Feathers and Teeth

by Meg Currell

EDGE Media Network Contributor

Wednesday March 22, 2017

Sara Hennessy, Agatha Olson, Darius Pierce
Sara Hennessy, Agatha Olson, Darius Pierce  

"Feathers and Teeth" is a carefully constructed horror story about a grieving young girl and her family's attempt to move forward after her mother's death. Set in the already drab and unpleasant '70s, the show uses the "perfect family" tableau as a major plot stirrer, and casts the rebellious pre-teen as an agent of change.

Agatha Day Olson, as the girl, was the main attraction for me. Brilliant as Helen Keller in "The Miracle Worker," I've been eager to see her in larger roles. She does not disappoint as Chris, the child of a hippie who struts around in her mother's old clothes, challenging her spineless father, Arthur, and his ersatz fiancé, Carol, as they leap past the mourning period directly into a new romance.

Arthur, played by another favorite Darius Pierce, is a hapless, confused, easily led father who doesn't know how badly he's being used. Sara Hennessy is Carol, the nurse cum fiancé who may or may not have played a part in the death of Chris' mother.

As Chris pushes back against the too-fast relationship, her father runs over some wild animal and attempts to bury it in the back yard. When the animal carcass is brought into the house, the set becomes covered with blood, and director Damaso Rodriguez clearly reveled in the carnage. But what makes a horror story truly scary isn't just the depiction of buckets of blood, it's a pervasive sense of terror of what might be true beyond what we can see. That terror is never apparent in "Feathers and Teeth."

The moments that connect with true emotion, not surprisingly, are those where Chris attempts to speak to her dead mother. The play drops into her grief -- through the talents of Agatha Day Olson -- profoundly, and Chris' anger at her father's betrayal makes her a wild creature. Even when she's silent, Olson tells epic tales with her eyes, a stunning ability for a stage actor, who doesn't get to rely on camera close-ups to show what she's thinking.

I wish director Damaso Rodriguez had employed some kind of microphone, because the overly-bold effect of every actor shouting their lines blurred the intent of the dialogue. And I was baffled about the choice to make the neighbor boy German; because of his dialect, it was difficult to understand about half of what he was saying, and his contribution of his grandmother's tale about the fabled monster could easily have been told without the boy having an accent.

There are some wonderful, inventive moments in this play, but I was annoyed more often than engaged. Why do the characters say each others' names after every line in the same scene? "That's not right, Arthur," "I was just saying that, Carol," "I don't understand, Arthur," "Let's get rid of this pot, Carol," The characters haven't lost track of who they're talking to, have they? I saw no reason either within the play or in the context of camp/horror genre for this abrasive habit, and it continued all the way to the end.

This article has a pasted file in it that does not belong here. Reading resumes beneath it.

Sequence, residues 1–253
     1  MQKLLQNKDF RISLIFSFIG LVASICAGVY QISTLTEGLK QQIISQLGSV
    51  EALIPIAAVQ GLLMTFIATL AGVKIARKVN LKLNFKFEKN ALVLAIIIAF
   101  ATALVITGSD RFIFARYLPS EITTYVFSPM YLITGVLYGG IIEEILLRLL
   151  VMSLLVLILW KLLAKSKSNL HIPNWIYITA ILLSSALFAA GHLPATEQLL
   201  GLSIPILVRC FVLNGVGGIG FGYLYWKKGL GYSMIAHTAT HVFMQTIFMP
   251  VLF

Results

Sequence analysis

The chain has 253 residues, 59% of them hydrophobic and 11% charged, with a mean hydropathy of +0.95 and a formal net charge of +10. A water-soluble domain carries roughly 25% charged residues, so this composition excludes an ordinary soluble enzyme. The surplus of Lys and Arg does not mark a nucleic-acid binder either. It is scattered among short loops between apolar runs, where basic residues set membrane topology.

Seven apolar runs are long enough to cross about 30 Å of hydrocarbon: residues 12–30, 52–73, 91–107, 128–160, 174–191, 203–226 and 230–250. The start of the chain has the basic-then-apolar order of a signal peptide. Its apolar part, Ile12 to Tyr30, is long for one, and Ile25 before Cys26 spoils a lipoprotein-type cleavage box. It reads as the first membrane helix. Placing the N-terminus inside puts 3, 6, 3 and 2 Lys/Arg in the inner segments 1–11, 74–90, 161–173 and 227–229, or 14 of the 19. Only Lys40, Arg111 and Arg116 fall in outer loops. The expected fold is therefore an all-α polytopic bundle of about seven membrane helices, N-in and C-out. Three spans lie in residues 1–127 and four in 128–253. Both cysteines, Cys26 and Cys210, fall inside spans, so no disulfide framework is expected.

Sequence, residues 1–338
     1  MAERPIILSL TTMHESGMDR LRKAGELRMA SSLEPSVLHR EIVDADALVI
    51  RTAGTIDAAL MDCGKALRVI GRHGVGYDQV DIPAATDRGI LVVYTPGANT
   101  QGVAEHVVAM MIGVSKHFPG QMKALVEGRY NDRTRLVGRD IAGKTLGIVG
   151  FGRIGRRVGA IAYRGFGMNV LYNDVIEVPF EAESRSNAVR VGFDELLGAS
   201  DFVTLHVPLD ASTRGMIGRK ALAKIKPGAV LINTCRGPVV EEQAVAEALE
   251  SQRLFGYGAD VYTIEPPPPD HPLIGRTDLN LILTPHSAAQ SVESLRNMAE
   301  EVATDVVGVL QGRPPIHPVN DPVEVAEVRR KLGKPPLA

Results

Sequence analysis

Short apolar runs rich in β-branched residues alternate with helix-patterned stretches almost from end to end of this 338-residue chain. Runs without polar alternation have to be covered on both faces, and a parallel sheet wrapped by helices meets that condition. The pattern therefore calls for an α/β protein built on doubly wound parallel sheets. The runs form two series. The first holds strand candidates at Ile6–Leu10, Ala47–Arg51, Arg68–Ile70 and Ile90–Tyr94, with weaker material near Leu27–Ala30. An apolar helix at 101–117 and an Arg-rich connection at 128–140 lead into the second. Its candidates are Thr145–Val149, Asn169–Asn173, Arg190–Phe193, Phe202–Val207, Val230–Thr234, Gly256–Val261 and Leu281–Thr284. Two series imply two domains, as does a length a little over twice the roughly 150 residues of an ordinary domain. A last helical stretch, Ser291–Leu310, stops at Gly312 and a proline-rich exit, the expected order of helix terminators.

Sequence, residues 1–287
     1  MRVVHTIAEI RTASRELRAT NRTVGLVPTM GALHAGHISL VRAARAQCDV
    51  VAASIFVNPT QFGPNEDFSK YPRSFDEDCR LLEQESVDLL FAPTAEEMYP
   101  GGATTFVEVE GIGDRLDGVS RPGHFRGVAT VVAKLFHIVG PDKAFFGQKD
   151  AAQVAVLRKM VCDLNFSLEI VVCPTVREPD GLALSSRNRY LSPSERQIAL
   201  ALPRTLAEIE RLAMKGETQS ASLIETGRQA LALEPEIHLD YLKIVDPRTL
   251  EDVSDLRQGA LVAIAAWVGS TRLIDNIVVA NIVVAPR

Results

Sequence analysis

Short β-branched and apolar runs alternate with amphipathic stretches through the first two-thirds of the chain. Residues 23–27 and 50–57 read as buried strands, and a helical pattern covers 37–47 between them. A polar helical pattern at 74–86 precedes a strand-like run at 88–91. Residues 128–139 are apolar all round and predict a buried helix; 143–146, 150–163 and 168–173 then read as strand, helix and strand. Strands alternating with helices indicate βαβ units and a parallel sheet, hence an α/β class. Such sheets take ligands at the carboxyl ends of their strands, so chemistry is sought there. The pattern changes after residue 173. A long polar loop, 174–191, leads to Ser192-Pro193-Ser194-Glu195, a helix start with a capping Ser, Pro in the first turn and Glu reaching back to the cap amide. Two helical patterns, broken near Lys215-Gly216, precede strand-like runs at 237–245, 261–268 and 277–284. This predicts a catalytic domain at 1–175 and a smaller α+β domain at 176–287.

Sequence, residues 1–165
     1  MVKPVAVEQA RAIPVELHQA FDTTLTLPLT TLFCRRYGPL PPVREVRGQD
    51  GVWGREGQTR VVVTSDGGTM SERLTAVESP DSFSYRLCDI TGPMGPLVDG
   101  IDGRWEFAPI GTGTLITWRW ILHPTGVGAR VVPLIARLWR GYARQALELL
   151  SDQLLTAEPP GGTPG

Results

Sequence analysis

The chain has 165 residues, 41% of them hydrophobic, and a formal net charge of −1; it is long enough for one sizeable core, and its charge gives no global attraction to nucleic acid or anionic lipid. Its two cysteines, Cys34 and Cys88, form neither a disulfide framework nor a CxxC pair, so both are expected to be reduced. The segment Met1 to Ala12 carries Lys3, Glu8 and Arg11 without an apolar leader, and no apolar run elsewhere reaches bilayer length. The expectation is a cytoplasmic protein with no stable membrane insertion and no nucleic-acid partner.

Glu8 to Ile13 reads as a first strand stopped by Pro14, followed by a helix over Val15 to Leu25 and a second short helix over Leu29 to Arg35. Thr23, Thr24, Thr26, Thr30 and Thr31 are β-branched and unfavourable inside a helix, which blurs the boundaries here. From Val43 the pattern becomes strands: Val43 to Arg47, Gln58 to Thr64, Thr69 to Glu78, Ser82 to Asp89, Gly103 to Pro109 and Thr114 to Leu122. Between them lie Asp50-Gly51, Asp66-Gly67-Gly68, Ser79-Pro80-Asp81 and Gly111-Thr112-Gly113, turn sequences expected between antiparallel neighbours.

And why did Chris perform the elaborate dance after tying up her stepmother? It didn't fit her character or further the plot in any discernable way. And why did Carol bleed when she passed out from being sprayed with cleaner or bug spray? I couldn't piece together answers to any of these questions.

The interruption of my suspension of disbelief gave me plenty of time to admire the set, which was meticulously created in the style of Brady Bunch-era housing. The special effects of the "creatures" (true identities unknown) were fascinating; the voices of multiple chomping/tweeting/squeaking/gnashing nasties in a pot (delivered offstage by Nelda Reyes) were deliciously unpleasant.

And one ultra-gory scene in particular was done to tremendous effect; kudos to Scenic Director Megan Wilkerson, Props Master Emily Wilken, and Rodriquez for creating that viscous demolition. Despite these stagecraft treasures, the play did not deliver on the kind of gripping horror I had hoped for from a cast and crew with these bona fides.

"Feathers and Teeth" runs through April 2 at Artists Repertory Theatre, 1515 SW Morrison St., Portland, OR 97205. For tickets and information, call 503-241-1278 or visit http://www.artistsrep.org/onstage/201617-season/feathers-and-teeth/

Meg Currell is a freelance author based in Portland, where she moved for the coffee and mountain views. With a background in literature and music, she explores dance, concerts and DIY with equal enthusiasm. She is currently at work on a collection of short stories.